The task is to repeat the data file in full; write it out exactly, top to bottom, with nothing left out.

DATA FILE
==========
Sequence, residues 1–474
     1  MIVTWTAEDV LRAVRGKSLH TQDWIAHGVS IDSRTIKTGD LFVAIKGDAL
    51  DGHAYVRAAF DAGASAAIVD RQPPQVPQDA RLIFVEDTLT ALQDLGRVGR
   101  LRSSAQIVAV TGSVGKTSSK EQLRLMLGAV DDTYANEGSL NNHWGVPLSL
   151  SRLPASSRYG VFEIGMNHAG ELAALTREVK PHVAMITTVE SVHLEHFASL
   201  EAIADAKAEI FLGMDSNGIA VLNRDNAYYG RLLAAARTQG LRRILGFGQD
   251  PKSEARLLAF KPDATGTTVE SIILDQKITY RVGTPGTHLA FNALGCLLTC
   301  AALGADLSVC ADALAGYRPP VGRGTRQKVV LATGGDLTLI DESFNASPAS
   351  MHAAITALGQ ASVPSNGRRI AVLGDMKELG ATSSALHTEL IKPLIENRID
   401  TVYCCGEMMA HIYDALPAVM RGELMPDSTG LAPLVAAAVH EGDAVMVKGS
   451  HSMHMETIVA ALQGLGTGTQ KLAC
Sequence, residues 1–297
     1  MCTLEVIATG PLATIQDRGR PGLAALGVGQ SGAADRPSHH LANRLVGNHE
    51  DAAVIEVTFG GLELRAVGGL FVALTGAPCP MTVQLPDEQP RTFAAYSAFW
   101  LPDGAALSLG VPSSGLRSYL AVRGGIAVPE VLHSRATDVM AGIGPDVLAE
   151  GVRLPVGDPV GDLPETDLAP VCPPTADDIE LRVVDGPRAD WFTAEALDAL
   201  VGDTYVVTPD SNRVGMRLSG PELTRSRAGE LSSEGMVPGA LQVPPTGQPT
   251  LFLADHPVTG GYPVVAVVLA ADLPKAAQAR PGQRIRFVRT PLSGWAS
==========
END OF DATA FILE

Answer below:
Sequence, residues 1–474
     1  MIVTWTAEDV LRAVRGKSLH TQDWIAHGVS IDSRTIKTGD LFVAIKGDAL
    51  DGHAYVRAAF DAGASAAIVD RQPPQVPQDA RLIFVEDTLT ALQDLGRVGR
   101  LRSSAQIVAV TGSVGKTSSK EQLRLMLGAV DDTYANEGSL NNHWGVPLSL
   151  SRLPASSRYG VFEIGMNHAG ELAALTREVK PHVAMITTVE SVHLEHFASL
   201  EAIADAKAEI FLGMDSNGIA VLNRDNAYYG RLLAAARTQG LRRILGFGQD
   251  PKSEARLLAF KPDATGTTVE SIILDQKITY RVGTPGTHLA FNALGCLLTC
   301  AALGADLSVC ADALAGYRPP VGRGTRQKVV LATGGDLTLI DESFNASPAS
   351  MHAAITALGQ ASVPSNGRRI AVLGDMKELG ATSSALHTEL IKPLIENRID
   401  TVYCCGEMMA HIYDALPAVM RGELMPDSTG LAPLVAAAVH EGDAVMVKGS
   451  HSMHMETIVA ALQGLGTGTQ KLAC
Sequence, residues 1–297
     1  MCTLEVIATG PLATIQDRGR PGLAALGVGQ SGAADRPSHH LANRLVGNHE
    51  DAAVIEVTFG GLELRAVGGL FVALTGAPCP MTVQLPDEQP RTFAAYSAFW
   101  LPDGAALSLG VPSSGLRSYL AVRGGIAVPE VLHSRATDVM AGIGPDVLAE
   151  GVRLPVGDPV GDLPETDLAP VCPPTADDIE LRVVDGPRAD WFTAEALDAL
   201  VGDTYVVTPD SNRVGMRLSG PELTRSRAGE LSSEGMVPGA LQVPPTGQPT
   251  LFLADHPVTG GYPVVAVVLA ADLPKAAQAR PGQRIRFVRT PLSGWAS